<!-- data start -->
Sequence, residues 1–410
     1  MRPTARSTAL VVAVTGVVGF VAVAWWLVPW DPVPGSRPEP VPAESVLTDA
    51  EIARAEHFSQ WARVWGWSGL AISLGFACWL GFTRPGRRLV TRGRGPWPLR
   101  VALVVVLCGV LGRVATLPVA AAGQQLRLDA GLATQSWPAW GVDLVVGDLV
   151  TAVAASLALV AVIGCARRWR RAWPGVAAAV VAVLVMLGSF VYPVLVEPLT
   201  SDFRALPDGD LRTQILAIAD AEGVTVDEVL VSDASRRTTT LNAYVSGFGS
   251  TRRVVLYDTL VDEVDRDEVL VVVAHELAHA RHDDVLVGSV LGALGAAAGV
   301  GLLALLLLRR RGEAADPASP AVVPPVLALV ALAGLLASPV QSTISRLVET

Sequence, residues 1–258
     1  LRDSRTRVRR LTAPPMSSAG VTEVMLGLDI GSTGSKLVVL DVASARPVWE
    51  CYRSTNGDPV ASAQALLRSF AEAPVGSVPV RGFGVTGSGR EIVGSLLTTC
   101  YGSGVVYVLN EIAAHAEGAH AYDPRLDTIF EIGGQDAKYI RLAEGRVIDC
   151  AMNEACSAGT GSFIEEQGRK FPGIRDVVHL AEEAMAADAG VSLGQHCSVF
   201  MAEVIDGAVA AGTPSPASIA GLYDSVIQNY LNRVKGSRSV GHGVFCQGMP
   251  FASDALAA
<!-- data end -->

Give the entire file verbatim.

Sequence, residues 1–410
     1  MRPTARSTAL VVAVTGVVGF VAVAWWLVPW DPVPGSRPEP VPAESVLTDA
    51  EIARAEHFSQ WARVWGWSGL AISLGFACWL GFTRPGRRLV TRGRGPWPLR
   101  VALVVVLCGV LGRVATLPVA AAGQQLRLDA GLATQSWPAW GVDLVVGDLV
   151  TAVAASLALV AVIGCARRWR RAWPGVAAAV VAVLVMLGSF VYPVLVEPLT
   201  SDFRALPDGD LRTQILAIAD AEGVTVDEVL VSDASRRTTT LNAYVSGFGS
   251  TRRVVLYDTL VDEVDRDEVL VVVAHELAHA RHDDVLVGSV LGALGAAAGV
   301  GLLALLLLRR RGEAADPASP AVVPPVLALV ALAGLLASPV QSTISRLVET

Sequence, residues 1–258
     1  LRDSRTRVRR LTAPPMSSAG VTEVMLGLDI GSTGSKLVVL DVASARPVWE
    51  CYRSTNGDPV ASAQALLRSF AEAPVGSVPV RGFGVTGSGR EIVGSLLTTC
   101  YGSGVVYVLN EIAAHAEGAH AYDPRLDTIF EIGGQDAKYI RLAEGRVIDC
   151  AMNEACSAGT GSFIEEQGRK FPGIRDVVHL AEEAMAADAG VSLGQHCSVF
   201  MAEVIDGAVA AGTPSPASIA GLYDSVIQNY LNRVKGSRSV GHGVFCQGMP
   251  FASDALAA